Give a reason why their behavior is inappropriate, and not just “because I said so.” Knowing the reason appeals to your child’s logical side and makes him more likely to listen.
Then, offer different ways to behave, or reiterate the behavior you expect. Let’s say your child is goofing off instead of standing in line at the morning school assembly. He’s roughhousing other children and throwing his backpack on the floor.
Let him know the correct way to behave. That he should stand facing the teachers with his backpack on his back. That he should remain quiet while the teachers are talking. He can even fiddle with his key chain to contain his energy while he listens.
It’s not enough to tell our kids, “Don’t do that.” We also need to let them know explicitly how they should behave.
Do you struggle with getting your kids to listen? Learn the ONE effective word to get them to listen and follow instructions. Download my FREE handout and worksheet below:
#5: Follow through with consequences
Kids might keep misbehaving because we don’t enforce the consequences we said we would. As difficult as it is to leave the library, we need to do so if they continue to yell and misbehave.
Not following through sends the message that we are all empty threats. Kids will continue to misbehave, not just at the current location but in future outings as well. While you can be flexible from time to time, err on the side of standing your ground.
What to do if leaving isn’t an option? Let’s say you’re at a wedding, and you can’t just up and leave. Give another similar consequence, like moving him away from the crowds for a few minutes.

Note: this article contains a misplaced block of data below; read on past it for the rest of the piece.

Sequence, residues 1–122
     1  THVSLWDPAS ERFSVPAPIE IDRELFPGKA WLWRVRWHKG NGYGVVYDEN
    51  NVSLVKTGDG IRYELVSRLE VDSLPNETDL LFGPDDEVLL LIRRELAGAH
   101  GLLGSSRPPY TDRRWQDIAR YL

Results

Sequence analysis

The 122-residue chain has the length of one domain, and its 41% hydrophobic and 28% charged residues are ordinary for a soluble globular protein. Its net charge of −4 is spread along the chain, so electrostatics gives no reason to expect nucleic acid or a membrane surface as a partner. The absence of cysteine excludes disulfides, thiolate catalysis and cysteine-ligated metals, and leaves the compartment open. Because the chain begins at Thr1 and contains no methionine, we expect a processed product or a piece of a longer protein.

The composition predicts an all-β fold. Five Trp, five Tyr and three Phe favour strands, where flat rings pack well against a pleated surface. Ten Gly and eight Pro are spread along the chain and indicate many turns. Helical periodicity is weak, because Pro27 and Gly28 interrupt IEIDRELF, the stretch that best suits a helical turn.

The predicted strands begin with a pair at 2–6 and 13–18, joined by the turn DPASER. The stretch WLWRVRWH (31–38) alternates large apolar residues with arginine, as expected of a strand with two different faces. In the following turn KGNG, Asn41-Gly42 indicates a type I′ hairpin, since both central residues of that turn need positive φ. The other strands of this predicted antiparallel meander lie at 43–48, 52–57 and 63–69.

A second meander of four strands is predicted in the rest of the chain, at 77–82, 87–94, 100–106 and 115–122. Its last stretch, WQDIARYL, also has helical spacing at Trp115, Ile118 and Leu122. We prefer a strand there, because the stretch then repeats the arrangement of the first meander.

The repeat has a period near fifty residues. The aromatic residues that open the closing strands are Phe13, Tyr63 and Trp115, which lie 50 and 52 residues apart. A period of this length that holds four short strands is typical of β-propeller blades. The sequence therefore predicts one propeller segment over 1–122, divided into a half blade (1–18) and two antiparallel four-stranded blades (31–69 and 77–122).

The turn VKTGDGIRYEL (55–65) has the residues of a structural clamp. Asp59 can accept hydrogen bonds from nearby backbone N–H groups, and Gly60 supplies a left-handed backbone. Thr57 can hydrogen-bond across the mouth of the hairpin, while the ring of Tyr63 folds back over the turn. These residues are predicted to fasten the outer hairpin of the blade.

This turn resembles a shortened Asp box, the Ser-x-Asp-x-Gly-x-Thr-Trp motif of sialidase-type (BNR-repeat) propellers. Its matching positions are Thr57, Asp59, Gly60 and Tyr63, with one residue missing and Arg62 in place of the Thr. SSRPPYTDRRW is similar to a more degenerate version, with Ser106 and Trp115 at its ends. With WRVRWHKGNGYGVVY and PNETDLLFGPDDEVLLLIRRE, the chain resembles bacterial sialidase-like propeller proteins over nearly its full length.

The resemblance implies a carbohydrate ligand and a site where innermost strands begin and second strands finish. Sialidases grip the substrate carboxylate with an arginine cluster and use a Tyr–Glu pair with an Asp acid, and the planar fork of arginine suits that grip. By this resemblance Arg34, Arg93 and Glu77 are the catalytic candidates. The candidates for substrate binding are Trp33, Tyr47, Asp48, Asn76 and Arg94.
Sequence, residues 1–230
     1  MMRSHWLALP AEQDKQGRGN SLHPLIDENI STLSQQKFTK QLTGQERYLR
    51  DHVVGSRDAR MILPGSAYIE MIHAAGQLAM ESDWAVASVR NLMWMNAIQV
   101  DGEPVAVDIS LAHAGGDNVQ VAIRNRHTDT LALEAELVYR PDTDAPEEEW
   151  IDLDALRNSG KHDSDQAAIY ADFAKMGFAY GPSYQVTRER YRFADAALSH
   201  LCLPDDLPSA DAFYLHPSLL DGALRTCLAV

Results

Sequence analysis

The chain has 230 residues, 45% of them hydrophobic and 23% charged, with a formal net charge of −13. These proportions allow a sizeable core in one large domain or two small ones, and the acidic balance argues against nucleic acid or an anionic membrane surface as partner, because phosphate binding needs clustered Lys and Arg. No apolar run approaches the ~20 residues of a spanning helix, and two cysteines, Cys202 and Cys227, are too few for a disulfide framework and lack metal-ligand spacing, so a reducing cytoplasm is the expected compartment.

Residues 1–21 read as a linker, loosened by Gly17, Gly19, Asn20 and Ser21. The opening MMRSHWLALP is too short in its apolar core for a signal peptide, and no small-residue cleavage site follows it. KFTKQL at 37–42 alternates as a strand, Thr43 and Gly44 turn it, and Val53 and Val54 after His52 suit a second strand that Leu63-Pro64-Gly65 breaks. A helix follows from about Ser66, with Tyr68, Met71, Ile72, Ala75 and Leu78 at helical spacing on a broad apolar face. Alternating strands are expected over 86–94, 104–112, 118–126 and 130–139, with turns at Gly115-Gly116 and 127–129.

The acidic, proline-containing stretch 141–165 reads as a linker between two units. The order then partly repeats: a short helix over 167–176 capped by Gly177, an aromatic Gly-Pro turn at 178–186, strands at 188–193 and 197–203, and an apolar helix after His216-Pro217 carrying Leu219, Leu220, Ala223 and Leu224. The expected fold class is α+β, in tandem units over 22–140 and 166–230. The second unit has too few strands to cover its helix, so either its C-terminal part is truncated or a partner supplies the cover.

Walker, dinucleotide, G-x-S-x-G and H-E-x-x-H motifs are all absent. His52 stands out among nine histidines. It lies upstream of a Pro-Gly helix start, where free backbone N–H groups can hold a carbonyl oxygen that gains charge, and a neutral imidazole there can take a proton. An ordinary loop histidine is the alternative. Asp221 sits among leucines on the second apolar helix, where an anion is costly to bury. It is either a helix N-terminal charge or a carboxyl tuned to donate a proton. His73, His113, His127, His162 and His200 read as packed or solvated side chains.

#6: Show respect
It’s pretty hard to show respect to our kids when they’re not behaving as we expect them to. We feel frustrated, annoyed, even attacked when they don’t listen.
But it’s during these times that we need to be even more patient and respectful. If we spiral down, it’ll only lead to even more misbehavior on their part.
Showing respect doesn’t mean coddling or enabling the behavior. Instead, it’s being firm but kind as we speak to them and lay out the rules. Being matter-of-fact as we follow through with consequences and leave the park or library.
Model the behavior you want your child to do so he has an example to base his actions on.
#7: What is their behavior telling you?
Let’s say you’ve shown empathy and can see that your child is just trying to get a rise out of you. Ask yourself what that kind of behavior means. What is his deliberate misbehavior revealing?
For instance, could he need more positive or one-on-one attention at home? Do you need to put your foot down more often because he needs boundaries?
Look at your child’s behavior not so much as the hassle that it can be, especially in public. Instead, it’s a sign of something else you may need to address. They’re there to signal a need he may have, or a change you should make.
Dealing with misbehaving kids in public is a challenge, no doubt. It makes you not want to take them anywhere, especially when a fun outing turns into a nightmare.
But you can help change your child’s behavior in public with a few tips. Begin your outings by setting expectations and the consequences for not following them. Follow through with consequences if they don’t listen, no matter how difficult it may be.
Show empathy and respect when you interact with your child. This will help make your relationship stronger and correct their behavior. And finally, see what their antics may be telling you. You might realize there’s more to their behavior than not listening.
Hopefully these tips will make your next outing the fun family event it’s supposed to be.
Get more tips:
- Do You Know What to Do when Your Child Acts Out in Public?
- How to Enjoy a Restaurant Meal with Kids — Even without Screens or Snacks
- On Accepting Your Children for Who They Are
- How to Run Errands with Kids (And Not Go Crazy)
- The One Mistake You’re Probably Making when Your Child Misbehaves in Front of Others
Tell me in the comments: How do you address your child’s misbehavior in public?